In September, investment company eToro released its inaugural Beer Index, which showed that the cost of six key components of beer-making – wheat, barley, rice, malt, aluminum (for cans) and fuel (for transportation and farming) – has risen 62% in the past two years. Consumers haven't been hit as bad – in the UK, at least, the price of a pint has risen only 8% over the same period – but that means brewers are absorbing the costs themselves. And, unfortunately, this level of input cost inflation is simply unsustainable for many producers, who'll eventually have no option but to pass more cost increases on to drinkers.
We spoke to three small craft breweries about how inflation has impacted them and what they're doing to handle cost increases at both the front and back ends.
Ed Mason, The Five Point Brewing Company.
‘The biggest input costs for craft brewing include energy costs, CO2 and malted barley. These are all seeing extreme inflation price rises. Brewing is seeing surcharges applied to CO2 deliveries, meaning in the region of anything between 450% and 900% increased costs for brewers. Our malt suppliers have also advised us to expect a 23% increase in malted barley costs for the most recent harvest. We signed a new electricity contract this summer, which saw a 54% increase in our annual electricity cost. In these times, price increments are inevitable and most customers are understanding of this fact. However, we still want to keep things affordable where possible. We're trying to source locally where we can and are taking steps to create products customers can enjoy at home.’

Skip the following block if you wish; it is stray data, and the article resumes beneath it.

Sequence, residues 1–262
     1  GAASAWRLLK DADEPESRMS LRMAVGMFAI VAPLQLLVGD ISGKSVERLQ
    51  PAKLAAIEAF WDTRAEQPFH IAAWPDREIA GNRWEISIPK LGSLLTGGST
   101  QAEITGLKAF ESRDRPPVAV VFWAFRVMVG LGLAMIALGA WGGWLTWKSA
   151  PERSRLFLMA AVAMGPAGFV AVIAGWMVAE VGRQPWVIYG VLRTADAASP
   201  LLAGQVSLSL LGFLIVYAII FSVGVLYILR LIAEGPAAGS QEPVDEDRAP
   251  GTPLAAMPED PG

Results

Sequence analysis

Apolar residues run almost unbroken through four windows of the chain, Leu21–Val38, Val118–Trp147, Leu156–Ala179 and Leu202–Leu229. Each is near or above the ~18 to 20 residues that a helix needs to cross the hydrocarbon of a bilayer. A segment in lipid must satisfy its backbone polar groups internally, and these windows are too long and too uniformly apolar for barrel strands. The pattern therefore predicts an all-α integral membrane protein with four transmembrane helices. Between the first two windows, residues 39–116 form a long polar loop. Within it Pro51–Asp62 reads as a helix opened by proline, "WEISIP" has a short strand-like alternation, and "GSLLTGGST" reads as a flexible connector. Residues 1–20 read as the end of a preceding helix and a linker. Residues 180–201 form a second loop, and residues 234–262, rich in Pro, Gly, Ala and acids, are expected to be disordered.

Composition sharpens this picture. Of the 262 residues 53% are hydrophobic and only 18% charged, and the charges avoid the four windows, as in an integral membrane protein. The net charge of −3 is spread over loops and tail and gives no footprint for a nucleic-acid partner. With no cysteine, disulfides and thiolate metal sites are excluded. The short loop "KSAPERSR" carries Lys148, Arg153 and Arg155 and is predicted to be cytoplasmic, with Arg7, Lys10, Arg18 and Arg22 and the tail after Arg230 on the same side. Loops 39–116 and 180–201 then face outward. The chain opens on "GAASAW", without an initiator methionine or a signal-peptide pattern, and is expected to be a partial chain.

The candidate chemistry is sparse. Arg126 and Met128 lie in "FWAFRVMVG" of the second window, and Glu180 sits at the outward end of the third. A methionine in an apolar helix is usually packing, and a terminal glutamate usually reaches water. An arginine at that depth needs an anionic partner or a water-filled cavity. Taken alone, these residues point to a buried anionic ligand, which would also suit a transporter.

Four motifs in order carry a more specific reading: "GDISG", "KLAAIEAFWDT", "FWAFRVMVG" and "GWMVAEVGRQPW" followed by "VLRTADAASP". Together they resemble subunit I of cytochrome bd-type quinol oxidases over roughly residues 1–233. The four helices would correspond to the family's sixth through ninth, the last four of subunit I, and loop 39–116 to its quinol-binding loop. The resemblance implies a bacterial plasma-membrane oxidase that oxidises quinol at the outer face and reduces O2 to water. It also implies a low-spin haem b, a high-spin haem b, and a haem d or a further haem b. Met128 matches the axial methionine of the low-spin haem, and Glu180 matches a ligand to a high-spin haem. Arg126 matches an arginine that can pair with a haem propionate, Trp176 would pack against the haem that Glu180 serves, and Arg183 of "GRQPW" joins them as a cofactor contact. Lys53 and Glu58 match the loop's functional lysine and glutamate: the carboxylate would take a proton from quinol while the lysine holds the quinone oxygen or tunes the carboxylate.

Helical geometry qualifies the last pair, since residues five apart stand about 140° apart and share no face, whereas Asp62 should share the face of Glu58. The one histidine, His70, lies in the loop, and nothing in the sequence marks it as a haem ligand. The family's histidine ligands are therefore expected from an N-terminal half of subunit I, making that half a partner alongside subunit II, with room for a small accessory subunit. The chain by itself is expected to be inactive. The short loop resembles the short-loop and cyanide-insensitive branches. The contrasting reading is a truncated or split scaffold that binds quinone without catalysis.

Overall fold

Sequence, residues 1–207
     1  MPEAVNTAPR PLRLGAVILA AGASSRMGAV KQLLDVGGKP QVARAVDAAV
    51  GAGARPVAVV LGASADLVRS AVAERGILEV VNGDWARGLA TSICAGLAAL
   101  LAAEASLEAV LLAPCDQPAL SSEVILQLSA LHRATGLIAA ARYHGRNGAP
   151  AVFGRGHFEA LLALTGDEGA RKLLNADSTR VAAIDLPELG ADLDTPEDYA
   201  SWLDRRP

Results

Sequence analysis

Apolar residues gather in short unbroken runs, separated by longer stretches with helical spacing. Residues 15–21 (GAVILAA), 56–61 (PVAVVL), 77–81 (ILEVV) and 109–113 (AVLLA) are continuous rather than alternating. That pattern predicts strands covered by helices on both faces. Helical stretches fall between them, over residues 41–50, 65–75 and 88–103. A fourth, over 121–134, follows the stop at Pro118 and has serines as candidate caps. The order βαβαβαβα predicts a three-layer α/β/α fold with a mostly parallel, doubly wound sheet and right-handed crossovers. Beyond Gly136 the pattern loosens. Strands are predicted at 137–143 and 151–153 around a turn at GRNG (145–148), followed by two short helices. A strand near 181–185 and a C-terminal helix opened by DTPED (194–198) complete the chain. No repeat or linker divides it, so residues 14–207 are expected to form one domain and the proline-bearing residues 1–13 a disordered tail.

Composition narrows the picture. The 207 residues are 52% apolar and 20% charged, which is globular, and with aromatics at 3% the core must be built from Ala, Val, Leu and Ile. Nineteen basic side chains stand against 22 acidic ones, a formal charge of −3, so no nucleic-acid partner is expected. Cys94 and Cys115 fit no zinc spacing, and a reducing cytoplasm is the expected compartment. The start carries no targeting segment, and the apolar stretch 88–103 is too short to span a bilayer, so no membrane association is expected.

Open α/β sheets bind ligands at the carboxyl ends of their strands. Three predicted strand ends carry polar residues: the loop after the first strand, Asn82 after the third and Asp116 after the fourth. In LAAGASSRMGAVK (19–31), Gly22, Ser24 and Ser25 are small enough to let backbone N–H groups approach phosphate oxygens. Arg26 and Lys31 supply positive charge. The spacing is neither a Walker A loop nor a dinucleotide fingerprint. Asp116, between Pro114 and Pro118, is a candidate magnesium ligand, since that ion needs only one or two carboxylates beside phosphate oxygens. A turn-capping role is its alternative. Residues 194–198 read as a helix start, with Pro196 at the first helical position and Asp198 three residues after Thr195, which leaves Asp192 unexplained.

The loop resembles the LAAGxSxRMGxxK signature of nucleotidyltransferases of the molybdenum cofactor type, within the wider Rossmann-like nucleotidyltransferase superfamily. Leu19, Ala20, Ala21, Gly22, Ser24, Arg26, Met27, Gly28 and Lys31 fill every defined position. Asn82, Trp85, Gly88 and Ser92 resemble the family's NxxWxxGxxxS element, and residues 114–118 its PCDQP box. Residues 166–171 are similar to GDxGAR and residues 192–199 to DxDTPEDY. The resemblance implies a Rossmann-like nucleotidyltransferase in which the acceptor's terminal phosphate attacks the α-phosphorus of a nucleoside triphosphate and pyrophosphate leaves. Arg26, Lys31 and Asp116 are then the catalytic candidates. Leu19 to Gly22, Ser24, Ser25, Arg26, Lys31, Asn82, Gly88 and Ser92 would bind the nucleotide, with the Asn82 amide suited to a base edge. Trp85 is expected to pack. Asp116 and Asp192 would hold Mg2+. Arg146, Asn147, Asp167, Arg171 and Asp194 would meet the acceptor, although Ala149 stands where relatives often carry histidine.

Jacob Liddle, Jiddler's Tipple.
‘The cost increases started 18 to 24 months ago after a big issue with packaging supply. Corrugate went up six or seven times in 2021. Over the year, it was a 20% or 30% increase. This year, other things have been affected: the price of cans has gone up, along with energy and CO2. We want to maintain our values and the quality [of] our product, so it's really difficult to maintain profitability as we don't want to cut corners. Our beer is gluten-free, which requires testing and additional processing cost. It's also carbon positive – we donate 2% of our profit to a carbon-offsetting charity to ensure this. We package with paper labels and tape, which is more expensive than plastic.
‘You can always bring your price down when selling, but it's very hard, once you've brought your price down, to put it back up again. Generally, no matter what's happening, people don't want to hear about a price increase. My profit margin has decreased [by] 10% as a result. This can often be the difference between a profitable business and a not-profitable one. Beer is also particularly brutal as it's a commodity product, so it's often a race to the bottom. I'm taking it as it comes at the moment, but I'm waiting to see what the bigger companies do.’
Will Evans, Manchester Union Brewery.
‘At the moment, I don't think it'd be possible for us to raise our prices to the extent we need to. We need to seek more distribution and increase sales – that's the bottom line for us at the moment. Our energy supply for gas has gone from £1,000 a month to £4,000 a month. That can't really be passed on. It's massive for us. This all comes on top of increased costs because we were shut down for two years during the pandemic, with all the old bills to pay. It's a really challenging time for breweries at the moment. Our breakeven point is now more than double what it was pre-pandemic. To pass all those costs on to customers, we think [it] could be suicide. We're currently selling our beer at £5.50 a pint. To cover our costs, we'd have to increase it to £8 a pint. So, instead, we're increasing sales work and increasing investment. We're placing an order for three new tanks to increase production. Obviously, it's risky, because we're lumping more debt onto an already debt-laden business. But, if we can make it through that, it sets us up for the future.’